Dogs weren’t the only ones getting training from the Quartermaster Corps. Handlers had to be educated in the ways of military working dogs. By March of 1944, there were war dog platoons deploying to the Europe and Pacific theaters.
There were experimental efforts to use K-9 dogs to retrieve wounded soldiers, K9 dogs led patrols and recon missions, and further wartime uses and advantages of military dogs were explored.
One military working dog even earned some of the highest military awards–briefly. A dog named Chips served in the Army 3rd Infantry Division. Chips attacked an enemy machine gun position in Italy, forcing the gunner crew to surrender. Chips was wounded in battle, and was awarded the Distinguished Service Cross, Silver Star and the Purple Heart.
These were later revoked due to official policy forbidding issuing such awards to animals.
The Quartermaster Corps would ultimately hand off responsibility for what later became known as K9 Corps dogs, K-9 Working Dogs, or simply military working dogs. Security Forces would take over responsibility for the dogs and since have served in many major conflicts including Vietnam, Korea, and the raid which killed terrorist mastermind Osama Bin Laden.
Military Working Dogs In Modern Times
The military working dog plays an important role in contemporary warfare, especially where individual units and troops are concerned about unexploded ordnance, improvised explosive devices (IEDs), drug interdiction, and other missions that need keen sniffers.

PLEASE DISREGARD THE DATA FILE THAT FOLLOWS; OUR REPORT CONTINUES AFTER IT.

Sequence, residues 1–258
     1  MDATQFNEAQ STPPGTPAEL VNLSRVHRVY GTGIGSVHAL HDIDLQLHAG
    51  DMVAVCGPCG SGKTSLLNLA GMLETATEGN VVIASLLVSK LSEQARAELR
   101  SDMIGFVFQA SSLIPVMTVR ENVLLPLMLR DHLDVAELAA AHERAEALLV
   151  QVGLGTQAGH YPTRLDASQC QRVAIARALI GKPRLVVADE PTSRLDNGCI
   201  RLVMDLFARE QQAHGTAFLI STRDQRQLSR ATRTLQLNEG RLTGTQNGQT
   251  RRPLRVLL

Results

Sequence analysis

The official site for the American Kennel Club includes an article from 2018 quoting from the work of Army Public Affairs representative Jon Michael Connor, who interviewed William Cronin, director for the American K9 for Afghanistan and Mali, West Africa.
Cronin says, “There’s no substitute for the detection of a dog. There’s no machine built yet that can reciprocate what a dog can do.”
But military working dogs in the 21st century have not been used without controversy. There have been issues and concerns raised by the use of military dogs as an intimidation tactic when interviewing or interrogating prisoners of war in Abu Grhraib and Guantanamo Bay (and elsewhere), and then there is the final disposition of the dogs once they are done with military duty.
Some sources report that at one time military working dogs were thought of as “expendable equipment” and may have been euthanized once their service was complete. Some military dogs sent on duty to Vietnam during the war era never came home for this reason.
Fortunately, veteran dog handlers managed to successfully lobby Congress to pass legislation permitting the adoption of military working dogs instead. In 2000, President Bill Clinton signed the bill allowing the adoption of military working dogs, ending questions about past practices and giving future military working dogs a clear career and life cycle that ends with loving homes for those who adopt these hard-working animals.
Joe Wallace is a 13-year veteran of the United States Air Force and a former reporter for Air Force Television News